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Peter Geary (1957–1999)

by Gerard O'Neill

On 1 December 1999, East Gippsland in particular and Victoria in general tragically lost not only a highly valued community leader and family man, but also an outstanding research scientist and a highly professional practising forester. Peter Geary’s accidental death cut short a life that during its 42 years had been lived to the fullest and which was marked with both outstanding personal and career achievements. These achievements have been acknowledged publicly elsewhere, however, I would like to take this opportunity to further dwell on the contribution Peter made, in his career as a forester and researcher, to the management of Victoria’s publicly owned forests.

Peter had a long and distinguished research career in both softwood plantations and native forests, commencing in south-western Victoria studying several aspects of the silviculture of softwood plantations. His pioneering work on weed management, including control of pine wildlings, and on the management of logging slash during the establishment phase of pine plantations has strongly influenced the management of over 100,000 hectares of radiata pine in the Green Triangle until the present day. Research by Peter and his colleagues on slash retention for moisture and nutrient conservation attracted international acclaim.

Peter and his wife Anne had a strong affinity for the forests of East Gippsland. Following the release in mid-1980 of the first Timber Industry Strategy for Victoria, Peter was promoted to OIC of the Eastern Research Centre at Orbost. Overnight, he became responsible for the three large and complex forest-based experiments; these became known as the Silvicultural Systems Project (SSP), the Value Adding and Utilisation System (VAUS) trial, and the Regrowth Management Study. To meet these challenges, Peter recruited several young scientists and technicians and soon moulded them into a very efficient and effective R & D team. He also pro-actively encouraged other research providers like CSIRO and Universities to participate in multi-disciplinary studies associated with SSP, VAUS and Regrowth Management. He had a unique ability to communicate at all levels with third-party research institutes. It is therefore no coincidence that SSP in particular received national recognition in terms of scientific excellence and in terms of on-going impact on the future management of the diverse East Gippsland forests based on sound scientific principles.

Without exception, the staff recruited for SSP, VAUS and the Regrowth Management projects were privileged to have been given special training and guidance from Peter in scientific principles and concepts, and the importance of a corporate approach. He taught them about experimental designs, about analysis of complex data sets, and about teamwork.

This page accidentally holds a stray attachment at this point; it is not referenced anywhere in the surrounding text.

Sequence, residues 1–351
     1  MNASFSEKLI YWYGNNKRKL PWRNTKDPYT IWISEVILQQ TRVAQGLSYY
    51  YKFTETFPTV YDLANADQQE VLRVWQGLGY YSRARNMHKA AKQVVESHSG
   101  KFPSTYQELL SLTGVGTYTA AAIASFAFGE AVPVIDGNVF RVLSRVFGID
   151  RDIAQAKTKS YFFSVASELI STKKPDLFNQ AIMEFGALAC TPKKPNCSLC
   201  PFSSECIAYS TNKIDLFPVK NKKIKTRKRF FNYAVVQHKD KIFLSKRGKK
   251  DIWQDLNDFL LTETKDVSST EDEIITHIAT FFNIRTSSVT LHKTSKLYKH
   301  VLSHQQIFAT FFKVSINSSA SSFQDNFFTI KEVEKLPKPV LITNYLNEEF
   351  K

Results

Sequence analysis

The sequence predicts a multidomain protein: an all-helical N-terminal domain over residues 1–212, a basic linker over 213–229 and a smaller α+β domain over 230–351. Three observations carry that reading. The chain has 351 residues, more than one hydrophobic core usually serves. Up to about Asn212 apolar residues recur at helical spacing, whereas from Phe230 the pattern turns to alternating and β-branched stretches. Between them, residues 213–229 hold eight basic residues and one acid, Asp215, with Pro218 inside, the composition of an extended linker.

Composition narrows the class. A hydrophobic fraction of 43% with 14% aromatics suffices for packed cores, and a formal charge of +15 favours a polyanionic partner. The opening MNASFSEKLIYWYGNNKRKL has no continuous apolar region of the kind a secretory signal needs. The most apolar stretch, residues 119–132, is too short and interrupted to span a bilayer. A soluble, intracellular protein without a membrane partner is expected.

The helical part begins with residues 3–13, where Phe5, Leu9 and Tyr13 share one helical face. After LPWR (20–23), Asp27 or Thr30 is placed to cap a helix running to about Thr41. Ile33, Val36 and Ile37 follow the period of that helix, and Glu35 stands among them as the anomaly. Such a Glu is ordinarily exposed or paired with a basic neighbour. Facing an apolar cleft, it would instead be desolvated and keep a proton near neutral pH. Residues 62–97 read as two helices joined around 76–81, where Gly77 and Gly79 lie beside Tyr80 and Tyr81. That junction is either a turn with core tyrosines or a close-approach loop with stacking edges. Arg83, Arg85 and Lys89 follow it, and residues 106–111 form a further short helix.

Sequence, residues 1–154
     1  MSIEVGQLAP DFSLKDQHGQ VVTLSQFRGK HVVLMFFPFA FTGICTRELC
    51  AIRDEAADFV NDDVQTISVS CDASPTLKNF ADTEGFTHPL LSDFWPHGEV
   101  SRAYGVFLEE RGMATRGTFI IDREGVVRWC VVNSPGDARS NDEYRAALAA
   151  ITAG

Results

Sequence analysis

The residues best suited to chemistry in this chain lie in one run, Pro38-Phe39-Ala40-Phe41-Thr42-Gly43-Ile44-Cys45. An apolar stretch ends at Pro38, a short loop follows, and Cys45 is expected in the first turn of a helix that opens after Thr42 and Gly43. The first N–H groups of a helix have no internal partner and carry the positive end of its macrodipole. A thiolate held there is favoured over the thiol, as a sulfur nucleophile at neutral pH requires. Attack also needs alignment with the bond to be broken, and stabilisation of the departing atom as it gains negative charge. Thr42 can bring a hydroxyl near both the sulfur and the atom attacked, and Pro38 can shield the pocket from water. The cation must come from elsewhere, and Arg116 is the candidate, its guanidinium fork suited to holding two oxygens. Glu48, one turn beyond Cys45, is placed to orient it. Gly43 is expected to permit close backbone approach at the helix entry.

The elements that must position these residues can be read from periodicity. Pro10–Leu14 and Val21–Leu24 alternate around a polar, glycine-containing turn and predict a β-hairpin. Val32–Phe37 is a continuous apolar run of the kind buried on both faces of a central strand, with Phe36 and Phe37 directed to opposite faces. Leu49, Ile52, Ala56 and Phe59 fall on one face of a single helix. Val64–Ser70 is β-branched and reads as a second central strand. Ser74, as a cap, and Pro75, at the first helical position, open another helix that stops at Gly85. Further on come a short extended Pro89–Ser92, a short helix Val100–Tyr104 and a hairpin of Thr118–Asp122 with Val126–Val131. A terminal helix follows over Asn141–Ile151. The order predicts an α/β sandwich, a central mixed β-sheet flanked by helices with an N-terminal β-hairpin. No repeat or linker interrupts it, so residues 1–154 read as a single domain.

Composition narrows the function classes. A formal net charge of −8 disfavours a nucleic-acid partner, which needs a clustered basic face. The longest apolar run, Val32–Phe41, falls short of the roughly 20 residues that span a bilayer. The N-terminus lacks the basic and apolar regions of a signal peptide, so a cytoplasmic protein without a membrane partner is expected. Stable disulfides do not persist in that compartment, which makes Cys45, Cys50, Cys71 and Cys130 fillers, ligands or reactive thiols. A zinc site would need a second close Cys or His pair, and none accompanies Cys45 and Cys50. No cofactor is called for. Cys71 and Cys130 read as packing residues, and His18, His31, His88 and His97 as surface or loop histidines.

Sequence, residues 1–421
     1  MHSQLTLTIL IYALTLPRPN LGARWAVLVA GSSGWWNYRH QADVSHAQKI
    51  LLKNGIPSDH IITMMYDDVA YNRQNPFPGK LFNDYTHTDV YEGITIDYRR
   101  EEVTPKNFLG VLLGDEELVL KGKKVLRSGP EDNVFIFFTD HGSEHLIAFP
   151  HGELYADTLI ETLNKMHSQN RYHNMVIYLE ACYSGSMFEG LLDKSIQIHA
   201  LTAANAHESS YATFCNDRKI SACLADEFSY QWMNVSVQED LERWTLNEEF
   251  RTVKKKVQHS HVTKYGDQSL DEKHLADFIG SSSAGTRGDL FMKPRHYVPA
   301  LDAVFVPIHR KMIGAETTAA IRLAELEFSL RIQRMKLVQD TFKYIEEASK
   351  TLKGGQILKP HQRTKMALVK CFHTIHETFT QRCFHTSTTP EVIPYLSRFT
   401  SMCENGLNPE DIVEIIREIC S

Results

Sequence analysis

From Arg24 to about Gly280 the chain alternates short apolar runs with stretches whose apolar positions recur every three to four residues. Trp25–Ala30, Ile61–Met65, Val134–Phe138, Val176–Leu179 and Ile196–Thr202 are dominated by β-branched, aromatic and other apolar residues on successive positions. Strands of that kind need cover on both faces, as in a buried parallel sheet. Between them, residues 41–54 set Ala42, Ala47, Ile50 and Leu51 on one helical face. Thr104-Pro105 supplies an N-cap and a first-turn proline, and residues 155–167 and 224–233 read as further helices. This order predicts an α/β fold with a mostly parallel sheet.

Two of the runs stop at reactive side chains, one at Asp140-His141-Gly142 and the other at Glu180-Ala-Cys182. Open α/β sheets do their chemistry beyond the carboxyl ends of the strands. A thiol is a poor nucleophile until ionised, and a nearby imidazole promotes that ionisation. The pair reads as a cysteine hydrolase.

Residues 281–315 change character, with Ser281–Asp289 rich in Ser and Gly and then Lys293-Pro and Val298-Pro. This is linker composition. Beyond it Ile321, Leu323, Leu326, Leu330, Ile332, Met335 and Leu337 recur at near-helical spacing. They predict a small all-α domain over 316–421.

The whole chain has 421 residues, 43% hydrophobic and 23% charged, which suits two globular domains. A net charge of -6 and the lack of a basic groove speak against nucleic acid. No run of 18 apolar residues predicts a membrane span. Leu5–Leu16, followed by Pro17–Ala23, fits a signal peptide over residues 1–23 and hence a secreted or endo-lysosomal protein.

Peter Geary was gifted with highly developed communication skills and had an intimate knowledge of the ecology of the East Gippsland forests. He was an author of some landmark scientific papers, many of which were published in peer-reviewed international scientific journals. Peter continued to write scientific papers when he, at his volition, left R & D for a new career in operational production forestry. A paper presented by Peter at the recent IFA conference in Hobart was widely judged as one of the best papers presented over the 5-day conference.

Peter’s move in the mid-1990s into operational production forestry, as Forester in Charge of the Orbost District, was a challenge to which he responded in characteristic fashion. In no time he was recognised as a highly competent field forester, applying much of his research findings to day-to- day operations and instilling his knowledge in others.

Peter set and achieved high standards for himself in all that he did and in doing so commanded respect from all those with whom he came in contact. This extended to wildfire suppression, so that when he was operating as a fire controller there was always complete confidence that the fire would be suppressed in an efficient and effective manner.

Perhaps the most difficult aspect of Peter’s work in recent years was the management of forest protests in State forest. His ability to work with police and harvesting contractors and co-ordinate appropriate responses was without equal.

Victoria has just lost a renowned and highly respected scientist and practising forester. The SSP experiment that he established and monitored at Cabbage Tree has attracted worldwide acclaim as a Long Term Ecological Research site of international significance.

He can rest in peace in the knowledge that the forests of East Gippsland will benefit in many ways from the work of Peter Geary.

Our deepest sympathies and support are with Anne, Billy, Robbie and Sallie, and Peter’s colleagues at Orbost.

Original publication

Citation details

Gerard O'Neill, 'Geary, Peter (1957–1999)', Obituaries Australia, National Centre of Biography, Australian National University,, accessed 18 May 2024.

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